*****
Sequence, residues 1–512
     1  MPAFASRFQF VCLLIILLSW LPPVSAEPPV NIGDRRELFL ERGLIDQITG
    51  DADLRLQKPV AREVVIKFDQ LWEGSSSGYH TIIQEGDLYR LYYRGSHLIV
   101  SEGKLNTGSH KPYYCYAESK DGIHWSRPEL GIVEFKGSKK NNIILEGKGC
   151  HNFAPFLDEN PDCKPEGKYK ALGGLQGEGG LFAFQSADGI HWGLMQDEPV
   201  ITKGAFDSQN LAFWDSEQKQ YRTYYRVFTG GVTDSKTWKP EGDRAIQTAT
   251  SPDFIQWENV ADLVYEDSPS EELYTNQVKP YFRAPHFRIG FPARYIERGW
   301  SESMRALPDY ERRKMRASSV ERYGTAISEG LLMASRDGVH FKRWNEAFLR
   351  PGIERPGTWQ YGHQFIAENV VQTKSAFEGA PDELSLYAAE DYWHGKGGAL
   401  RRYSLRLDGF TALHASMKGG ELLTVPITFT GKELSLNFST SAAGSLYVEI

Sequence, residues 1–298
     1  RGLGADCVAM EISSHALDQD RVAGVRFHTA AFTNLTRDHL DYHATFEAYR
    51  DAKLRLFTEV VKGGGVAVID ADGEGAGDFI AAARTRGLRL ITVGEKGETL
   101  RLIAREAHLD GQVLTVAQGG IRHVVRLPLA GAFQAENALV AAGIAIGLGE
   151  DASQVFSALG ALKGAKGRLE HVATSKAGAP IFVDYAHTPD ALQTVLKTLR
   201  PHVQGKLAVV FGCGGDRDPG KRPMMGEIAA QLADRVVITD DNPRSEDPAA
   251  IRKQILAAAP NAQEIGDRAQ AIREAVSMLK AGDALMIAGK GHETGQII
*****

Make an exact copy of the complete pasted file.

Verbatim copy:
Sequence, residues 1–512
     1  MPAFASRFQF VCLLIILLSW LPPVSAEPPV NIGDRRELFL ERGLIDQITG
    51  DADLRLQKPV AREVVIKFDQ LWEGSSSGYH TIIQEGDLYR LYYRGSHLIV
   101  SEGKLNTGSH KPYYCYAESK DGIHWSRPEL GIVEFKGSKK NNIILEGKGC
   151  HNFAPFLDEN PDCKPEGKYK ALGGLQGEGG LFAFQSADGI HWGLMQDEPV
   201  ITKGAFDSQN LAFWDSEQKQ YRTYYRVFTG GVTDSKTWKP EGDRAIQTAT
   251  SPDFIQWENV ADLVYEDSPS EELYTNQVKP YFRAPHFRIG FPARYIERGW
   301  SESMRALPDY ERRKMRASSV ERYGTAISEG LLMASRDGVH FKRWNEAFLR
   351  PGIERPGTWQ YGHQFIAENV VQTKSAFEGA PDELSLYAAE DYWHGKGGAL
   401  RRYSLRLDGF TALHASMKGG ELLTVPITFT GKELSLNFST SAAGSLYVEI

Sequence, residues 1–298
     1  RGLGADCVAM EISSHALDQD RVAGVRFHTA AFTNLTRDHL DYHATFEAYR
    51  DAKLRLFTEV VKGGGVAVID ADGEGAGDFI AAARTRGLRL ITVGEKGETL
   101  RLIAREAHLD GQVLTVAQGG IRHVVRLPLA GAFQAENALV AAGIAIGLGE
   151  DASQVFSALG ALKGAKGRLE HVATSKAGAP IFVDYAHTPD ALQTVLKTLR
   201  PHVQGKLAVV FGCGGDRDPG KRPMMGEIAA QLADRVVITD DNPRSEDPAA
   251  IRKQILAAAP NAQEIGDRAQ AIREAVSMLK AGDALMIAGK GHETGQII